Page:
U.S. Supreme Court Appears Poised to Eliminate Indefinite False Claims Act Tolling in Wartime and Could Permit Successive Qui Tam Actions
This morning, the Supreme Court of the United States heard oral argument in Kellogg Brown & Root Services, Inc. v. United States ex rel. Carter, a case that has major ramifications for the reach of the False Claims Act (FCA). The Court could further extend the FCA by ruling that the Wartime Suspension of Limitations Act (WSLA) has suspended the FCA’s statute of limitations indefinitely since 2002 and that FCA defendants can be hit with purely duplicative lawsuits as long as they occur at different times. Wiley Rein previously analyzed the Court’s decision to take the case and the issues it presents. Attempting to predict the outcome of a case can be difficult, but based on the arguments this morning the Justices appeared ready to rule that the WSLA does not suspend the civil FCA’s statute of limitations but grappled with whether the FCA permits duplicative, non-overlapping lawsuits.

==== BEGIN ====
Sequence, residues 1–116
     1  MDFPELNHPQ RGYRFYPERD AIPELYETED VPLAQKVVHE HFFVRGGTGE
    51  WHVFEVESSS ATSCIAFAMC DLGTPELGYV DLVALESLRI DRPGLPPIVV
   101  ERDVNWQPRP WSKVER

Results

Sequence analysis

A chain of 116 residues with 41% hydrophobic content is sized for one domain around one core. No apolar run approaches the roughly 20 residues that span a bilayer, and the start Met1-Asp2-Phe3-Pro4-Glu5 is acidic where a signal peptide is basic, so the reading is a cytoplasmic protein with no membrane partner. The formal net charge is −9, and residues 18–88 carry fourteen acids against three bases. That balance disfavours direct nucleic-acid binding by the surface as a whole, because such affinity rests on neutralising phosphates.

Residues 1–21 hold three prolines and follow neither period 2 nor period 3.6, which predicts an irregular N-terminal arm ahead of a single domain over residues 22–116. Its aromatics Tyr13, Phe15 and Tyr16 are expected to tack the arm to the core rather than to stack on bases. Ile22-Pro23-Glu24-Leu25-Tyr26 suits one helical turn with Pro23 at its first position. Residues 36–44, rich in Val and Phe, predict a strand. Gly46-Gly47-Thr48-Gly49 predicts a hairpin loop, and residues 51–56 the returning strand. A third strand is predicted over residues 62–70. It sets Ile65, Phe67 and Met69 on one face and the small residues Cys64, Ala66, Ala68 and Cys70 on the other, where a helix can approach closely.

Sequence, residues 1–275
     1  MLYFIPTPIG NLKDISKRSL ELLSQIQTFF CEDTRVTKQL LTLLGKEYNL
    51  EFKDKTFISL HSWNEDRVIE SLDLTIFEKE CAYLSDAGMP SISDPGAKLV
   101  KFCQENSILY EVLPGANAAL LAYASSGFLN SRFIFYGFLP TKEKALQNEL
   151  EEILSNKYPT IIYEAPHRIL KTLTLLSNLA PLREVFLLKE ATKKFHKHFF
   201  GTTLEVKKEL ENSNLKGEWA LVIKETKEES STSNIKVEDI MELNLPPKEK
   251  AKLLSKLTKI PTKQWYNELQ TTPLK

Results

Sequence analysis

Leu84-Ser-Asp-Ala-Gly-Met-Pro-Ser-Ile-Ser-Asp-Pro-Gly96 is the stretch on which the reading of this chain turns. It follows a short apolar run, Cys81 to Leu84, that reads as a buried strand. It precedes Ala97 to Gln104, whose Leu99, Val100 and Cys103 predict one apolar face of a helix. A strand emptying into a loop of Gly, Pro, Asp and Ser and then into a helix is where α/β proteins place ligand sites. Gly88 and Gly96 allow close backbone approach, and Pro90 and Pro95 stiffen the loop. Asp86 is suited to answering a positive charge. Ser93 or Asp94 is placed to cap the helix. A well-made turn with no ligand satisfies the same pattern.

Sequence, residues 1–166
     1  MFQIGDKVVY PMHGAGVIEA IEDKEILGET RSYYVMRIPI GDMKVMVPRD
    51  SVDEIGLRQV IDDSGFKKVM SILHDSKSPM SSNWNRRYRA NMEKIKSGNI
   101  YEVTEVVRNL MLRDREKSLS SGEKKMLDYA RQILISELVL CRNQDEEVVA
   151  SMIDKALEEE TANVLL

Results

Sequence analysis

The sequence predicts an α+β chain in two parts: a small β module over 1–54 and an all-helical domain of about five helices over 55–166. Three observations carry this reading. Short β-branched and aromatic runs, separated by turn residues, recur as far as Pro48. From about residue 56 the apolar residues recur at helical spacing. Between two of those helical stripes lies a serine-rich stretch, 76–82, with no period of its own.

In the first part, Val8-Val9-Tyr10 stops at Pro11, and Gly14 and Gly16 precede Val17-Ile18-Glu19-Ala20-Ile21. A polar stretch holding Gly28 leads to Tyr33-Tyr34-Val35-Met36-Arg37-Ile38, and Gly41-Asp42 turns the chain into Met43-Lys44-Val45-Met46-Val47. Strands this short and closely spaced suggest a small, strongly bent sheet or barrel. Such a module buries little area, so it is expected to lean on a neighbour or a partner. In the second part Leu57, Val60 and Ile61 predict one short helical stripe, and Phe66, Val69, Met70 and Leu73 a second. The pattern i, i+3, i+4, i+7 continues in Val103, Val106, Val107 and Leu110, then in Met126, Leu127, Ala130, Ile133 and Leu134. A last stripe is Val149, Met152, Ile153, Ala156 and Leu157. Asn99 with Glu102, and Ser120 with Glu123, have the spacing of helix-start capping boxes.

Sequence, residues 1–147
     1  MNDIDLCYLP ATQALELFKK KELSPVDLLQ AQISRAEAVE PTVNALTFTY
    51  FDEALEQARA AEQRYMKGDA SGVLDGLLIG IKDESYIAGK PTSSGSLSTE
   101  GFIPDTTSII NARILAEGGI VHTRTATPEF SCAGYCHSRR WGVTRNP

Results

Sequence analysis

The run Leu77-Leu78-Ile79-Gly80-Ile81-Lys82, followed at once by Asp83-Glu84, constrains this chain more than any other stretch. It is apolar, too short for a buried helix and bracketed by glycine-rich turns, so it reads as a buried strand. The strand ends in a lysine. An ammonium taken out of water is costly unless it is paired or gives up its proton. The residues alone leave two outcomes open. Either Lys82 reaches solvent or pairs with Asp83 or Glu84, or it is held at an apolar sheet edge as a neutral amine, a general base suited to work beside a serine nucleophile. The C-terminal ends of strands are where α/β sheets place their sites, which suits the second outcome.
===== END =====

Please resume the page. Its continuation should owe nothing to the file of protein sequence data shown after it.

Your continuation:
The Court in Carter will decide two issues that have wide-reaching implications for companies that do business with the government: whether and in what circumstances the WSLA suspends the FCA’s statute of limitations while the country is at war; and the reach of the “first-to-file” rule, which bars a whistleblower’s FCA action based on allegations similar to those previously made by a different whistleblower. In Carter, the whistleblower alleged that the contractor-defendants submitted false invoices and timesheets to the government for services on military bases in Iraq. The district court originally dismissed the case with prejudice because: (1) the case was stale under the FCA’s statute of limitations, which bars FCA claims brought “more than 6 years after the date on which the violation . . . is committed,” 31 U.S.C. § 3731(b); and (2) two earlier cases based on similar allegations barred the case under the “first-to-file” rule, which prevents any “person [from] . . . bring[ing] a related action based on the facts underlying the pending action,” 31 U.S.C. § 3730(b)(5) (emphasis added).